Good small business reads #14: How to provide great customer service, preparing for disasters and more

Here is this month’s potpourri of articles of articles that should be of help to small business owners. We start off with “10 Commandments of Great Customer Service” by business author Daniel Kehrer. Every now and then I see an article that asks whether customer service is dead, and sometimes it does truly seem like that when dealing with giant corporations. But here’s where small businesses can have a real edge. And as Kehrer points out, while you can’t always compete on price, you can compete on customer service. Many of the commandments he offers will cost you absolutely nothing at all yet will reap huge rewards in terms of customer loyalty.

Given the numerous disasters that have struck the United States in 2011, I urge you to carefully consider the advice offered in “6 Ways Small Businesses Should Prepare for Disaster,” by Vivian Giant writing for the American Express Open Forum. She quotes Karen Mills, an administrator at the Small Business Administration, who says, “There is a tendency to think that a large-scale disaster is not going to happen ‘where I live.’” As someone who lives very near where tornadoes ripped through Western Massachusetts on June 1, I am certain many of the small businesses affected by those horrible storms weren’t prepared. Nor probably were businesses in Vermont ready to face the damage done by the flooding that followed tropical storm Irene. Please do read this article and make sure you’ve done all you can to protect your business in case disaster strikes.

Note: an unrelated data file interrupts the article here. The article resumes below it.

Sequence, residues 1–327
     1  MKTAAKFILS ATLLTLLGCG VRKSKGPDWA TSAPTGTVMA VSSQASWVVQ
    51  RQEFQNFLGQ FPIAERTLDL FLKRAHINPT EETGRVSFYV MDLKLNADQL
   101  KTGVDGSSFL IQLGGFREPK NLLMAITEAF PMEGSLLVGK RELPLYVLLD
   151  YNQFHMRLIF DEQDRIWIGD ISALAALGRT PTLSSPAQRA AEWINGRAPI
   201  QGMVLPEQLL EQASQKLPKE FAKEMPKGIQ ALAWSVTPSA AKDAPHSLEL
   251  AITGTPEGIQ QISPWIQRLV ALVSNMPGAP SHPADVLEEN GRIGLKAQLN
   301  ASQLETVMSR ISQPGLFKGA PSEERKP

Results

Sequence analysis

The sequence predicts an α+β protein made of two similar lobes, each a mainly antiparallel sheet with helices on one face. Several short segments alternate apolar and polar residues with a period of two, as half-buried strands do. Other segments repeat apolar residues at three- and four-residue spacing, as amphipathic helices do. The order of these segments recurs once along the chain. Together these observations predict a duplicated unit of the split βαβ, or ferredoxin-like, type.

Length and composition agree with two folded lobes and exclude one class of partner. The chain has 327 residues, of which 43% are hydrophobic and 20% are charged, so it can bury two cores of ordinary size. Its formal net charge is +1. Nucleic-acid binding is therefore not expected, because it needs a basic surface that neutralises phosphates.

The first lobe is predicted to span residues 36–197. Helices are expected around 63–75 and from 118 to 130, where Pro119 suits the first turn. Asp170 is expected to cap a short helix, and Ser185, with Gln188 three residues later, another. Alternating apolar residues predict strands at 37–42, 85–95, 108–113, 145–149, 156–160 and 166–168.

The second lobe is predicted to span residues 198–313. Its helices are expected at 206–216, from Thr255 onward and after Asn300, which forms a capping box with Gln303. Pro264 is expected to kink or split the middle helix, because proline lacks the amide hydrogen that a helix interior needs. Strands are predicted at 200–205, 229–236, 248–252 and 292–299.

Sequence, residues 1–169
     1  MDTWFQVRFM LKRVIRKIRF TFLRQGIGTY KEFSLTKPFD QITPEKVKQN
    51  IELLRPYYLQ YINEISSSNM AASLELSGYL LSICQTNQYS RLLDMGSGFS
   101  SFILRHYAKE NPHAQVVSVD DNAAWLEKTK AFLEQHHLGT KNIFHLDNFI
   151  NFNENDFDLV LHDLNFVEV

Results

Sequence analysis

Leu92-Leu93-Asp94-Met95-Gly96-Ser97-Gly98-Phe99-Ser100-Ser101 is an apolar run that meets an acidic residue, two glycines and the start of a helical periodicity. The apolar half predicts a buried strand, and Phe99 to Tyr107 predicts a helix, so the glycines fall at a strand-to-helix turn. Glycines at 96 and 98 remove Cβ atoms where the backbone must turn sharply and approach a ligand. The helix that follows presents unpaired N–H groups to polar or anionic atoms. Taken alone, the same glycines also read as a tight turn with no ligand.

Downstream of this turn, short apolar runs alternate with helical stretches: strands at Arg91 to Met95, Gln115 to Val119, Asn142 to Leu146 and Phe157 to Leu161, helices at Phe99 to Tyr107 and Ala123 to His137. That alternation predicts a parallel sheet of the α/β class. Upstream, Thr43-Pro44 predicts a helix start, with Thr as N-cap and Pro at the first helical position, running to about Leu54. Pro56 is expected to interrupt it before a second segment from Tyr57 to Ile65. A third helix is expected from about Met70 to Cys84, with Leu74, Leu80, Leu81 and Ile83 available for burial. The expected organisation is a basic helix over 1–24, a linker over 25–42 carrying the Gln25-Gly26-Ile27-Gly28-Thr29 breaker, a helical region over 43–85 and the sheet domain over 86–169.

It seems that every few months we hear a story on the news in which some employee did something amazingly stupid on a social media site and was fired as a result. In “When You Can and Can’t Fire Employees for Social Media Misbehavior,” Forbes staff member Kashmir Hill reports on the evolving law around this topic. She provides examples of cases that the National Labor Relations Board wrote about in a recent report on this topic, which is linked to in the article. I found some of the decisions surprising. I recommend reading the NLRB report so you’re up to speed on this important issue. Serious damage can be done to your company’s reputation by a disgruntled employee using social media, but before you fire someone, you need to know whether doing so is legal or a violation of his/her right of free speech.

Finally, the most thought-provoking piece I read in the past month by far is “What Is Your Default?” by Polly LeBarre, writing on ManagementExchange.com.  She talks about having the courage of your convictions in business. What are the convictions you won’t compromise on, no matter what? Successful companies – including employees from top to bottom – know what these values are and stick to them like glue.

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